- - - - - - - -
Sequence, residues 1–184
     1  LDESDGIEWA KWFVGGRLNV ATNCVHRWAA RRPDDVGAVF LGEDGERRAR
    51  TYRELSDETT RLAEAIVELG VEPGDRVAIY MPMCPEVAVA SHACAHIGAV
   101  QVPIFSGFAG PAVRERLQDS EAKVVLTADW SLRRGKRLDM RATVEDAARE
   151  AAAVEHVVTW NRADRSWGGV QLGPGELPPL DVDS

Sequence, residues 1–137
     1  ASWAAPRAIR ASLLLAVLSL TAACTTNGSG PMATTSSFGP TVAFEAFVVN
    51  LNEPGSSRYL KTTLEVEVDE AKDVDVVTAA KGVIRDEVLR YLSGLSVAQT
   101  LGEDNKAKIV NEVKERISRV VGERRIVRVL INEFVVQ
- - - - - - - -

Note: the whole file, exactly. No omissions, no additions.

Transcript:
Sequence, residues 1–184
     1  LDESDGIEWA KWFVGGRLNV ATNCVHRWAA RRPDDVGAVF LGEDGERRAR
    51  TYRELSDETT RLAEAIVELG VEPGDRVAIY MPMCPEVAVA SHACAHIGAV
   101  QVPIFSGFAG PAVRERLQDS EAKVVLTADW SLRRGKRLDM RATVEDAARE
   151  AAAVEHVVTW NRADRSWGGV QLGPGELPPL DVDS

Sequence, residues 1–137
     1  ASWAAPRAIR ASLLLAVLSL TAACTTNGSG PMATTSSFGP TVAFEAFVVN
    51  LNEPGSSRYL KTTLEVEVDE AKDVDVVTAA KGVIRDEVLR YLSGLSVAQT
   101  LGEDNKAKIV NEVKERISRV VGERRIVRVL INEFVVQ